Ekhomu tasks varsities on language skill for intelligence operations


    By Evelyn Usman

    President of Association of Industrial Security and Safety Operators of Nigeria, Dr. Ona Ekhomu has advised Nigerian Universities to strengthen their capabilities to train manpower in European languages, with a view to enhancing the nation’s intelligence collection and analysis operation.


    Presenting a paper titled “Road Map To Peace in Africa-Languages and Related Research Efforts: Case of the Gulf of Guinea at an International Conference on Peace in Africa – Languages and Research Efforts” organized by the Department of European Languages and Integration Studies of the University of Lagos, Ekhomu, noted that the four European languages spoken in the Gulf of Guinea,GoG littoral countries were English, French, Spanish and Portuguese.

    He lamented that the low level of penetration of other European languages in Nigeria was severely hampering intelligence operations which he described as central to resolving major security challenges in the GOG.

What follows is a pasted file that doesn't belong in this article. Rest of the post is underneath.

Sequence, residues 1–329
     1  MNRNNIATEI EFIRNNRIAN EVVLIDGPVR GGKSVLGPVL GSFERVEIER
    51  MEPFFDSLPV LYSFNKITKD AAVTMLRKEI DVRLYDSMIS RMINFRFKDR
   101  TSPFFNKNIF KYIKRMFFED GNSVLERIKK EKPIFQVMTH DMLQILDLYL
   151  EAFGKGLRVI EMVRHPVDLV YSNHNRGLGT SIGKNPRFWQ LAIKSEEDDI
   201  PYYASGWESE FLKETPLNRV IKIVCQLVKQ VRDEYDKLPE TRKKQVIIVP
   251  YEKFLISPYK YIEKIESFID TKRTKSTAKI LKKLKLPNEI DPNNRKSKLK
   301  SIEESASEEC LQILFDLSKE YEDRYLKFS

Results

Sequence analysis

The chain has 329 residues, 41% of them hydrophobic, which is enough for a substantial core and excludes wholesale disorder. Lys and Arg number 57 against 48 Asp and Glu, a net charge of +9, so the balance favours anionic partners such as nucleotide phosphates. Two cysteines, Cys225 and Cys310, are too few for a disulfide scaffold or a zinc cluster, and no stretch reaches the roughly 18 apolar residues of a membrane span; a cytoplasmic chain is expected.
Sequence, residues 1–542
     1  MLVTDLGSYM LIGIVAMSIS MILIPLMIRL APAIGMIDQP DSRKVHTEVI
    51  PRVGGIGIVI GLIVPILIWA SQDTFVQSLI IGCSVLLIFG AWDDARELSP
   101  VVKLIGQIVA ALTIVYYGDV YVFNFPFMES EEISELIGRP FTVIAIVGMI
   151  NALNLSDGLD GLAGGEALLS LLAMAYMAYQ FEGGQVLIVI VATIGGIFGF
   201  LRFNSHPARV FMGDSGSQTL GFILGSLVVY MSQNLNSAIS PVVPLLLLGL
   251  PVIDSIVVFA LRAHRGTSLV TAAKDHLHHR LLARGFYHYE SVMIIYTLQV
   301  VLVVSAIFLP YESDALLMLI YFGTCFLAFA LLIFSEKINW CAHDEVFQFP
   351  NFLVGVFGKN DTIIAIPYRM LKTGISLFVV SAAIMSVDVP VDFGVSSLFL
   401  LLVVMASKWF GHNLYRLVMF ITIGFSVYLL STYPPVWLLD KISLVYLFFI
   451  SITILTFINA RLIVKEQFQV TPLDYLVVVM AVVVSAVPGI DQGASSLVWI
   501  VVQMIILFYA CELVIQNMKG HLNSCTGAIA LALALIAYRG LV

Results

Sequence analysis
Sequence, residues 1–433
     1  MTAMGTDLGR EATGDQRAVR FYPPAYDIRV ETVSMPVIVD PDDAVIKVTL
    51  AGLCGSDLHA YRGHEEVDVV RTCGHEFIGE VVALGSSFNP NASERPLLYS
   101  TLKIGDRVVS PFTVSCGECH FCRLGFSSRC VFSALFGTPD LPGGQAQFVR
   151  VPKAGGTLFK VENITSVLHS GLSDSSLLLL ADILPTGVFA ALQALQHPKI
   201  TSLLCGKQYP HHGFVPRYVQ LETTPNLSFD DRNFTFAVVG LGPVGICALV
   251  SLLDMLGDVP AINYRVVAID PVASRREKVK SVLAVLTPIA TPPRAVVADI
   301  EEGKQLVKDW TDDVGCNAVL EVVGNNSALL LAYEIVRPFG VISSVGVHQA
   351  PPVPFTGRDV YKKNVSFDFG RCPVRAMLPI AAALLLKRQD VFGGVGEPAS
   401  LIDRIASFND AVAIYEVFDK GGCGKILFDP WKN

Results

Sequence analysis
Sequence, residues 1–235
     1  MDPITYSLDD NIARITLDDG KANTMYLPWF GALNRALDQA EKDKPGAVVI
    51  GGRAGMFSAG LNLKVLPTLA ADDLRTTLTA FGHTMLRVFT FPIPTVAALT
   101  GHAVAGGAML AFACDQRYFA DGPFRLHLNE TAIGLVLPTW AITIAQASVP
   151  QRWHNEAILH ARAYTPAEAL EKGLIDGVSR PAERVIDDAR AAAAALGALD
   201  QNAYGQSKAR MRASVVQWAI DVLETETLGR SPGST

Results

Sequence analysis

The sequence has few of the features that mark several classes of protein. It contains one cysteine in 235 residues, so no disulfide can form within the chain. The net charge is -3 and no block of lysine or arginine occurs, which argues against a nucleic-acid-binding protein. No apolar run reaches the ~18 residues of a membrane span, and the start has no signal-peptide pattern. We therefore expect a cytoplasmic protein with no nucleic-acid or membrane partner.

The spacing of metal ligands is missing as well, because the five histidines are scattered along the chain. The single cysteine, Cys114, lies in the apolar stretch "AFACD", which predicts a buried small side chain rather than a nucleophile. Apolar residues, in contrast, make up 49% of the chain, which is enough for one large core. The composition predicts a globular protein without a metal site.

“Universities and tertiary institutions must prioritize European language skills as part of their contribution to building a robust security/intelligence architecture in Nigeria.

    There is also need to recruit fresh graduates of European languages from Nigerian Universities to strengthen the nation’s human intelligence operations in the Gulf of Guinea and other conflict zones.

    “  This is because bilingual and multilingual security operatives are highly sought after by intelligence agencies of advanced and middle income nations, as good languages skills enable agents to gain clear understand of the issues they are tasked to work on”, Ekhomu said

    He enumerated security challenges in the Gulf of Guinea to include piracy, oil theft, illegal oil bunkering, illegal fishing, over-fishing, militancy, as well as attacks on offshore oil assets such as platforms and pipelines.

    He added that the Nigeria and Benin territorial waters had been designated as high risk areas, disclosing that the cost of piracy in the GoG had been estimated at $2billion annually.  “Unfortunately, pirates are now able to attack deep off-shore at ranges of 130 nautical miles ”, he lamented.

    He however, lauded the Nigerian Navy for effectively combating piracy in Nigeria territorial waters, even as he attributed the problem in the Gulf of Guinea to limited capacity on the part of collaborating navies in the Economic Community of Central African States ECCAS.


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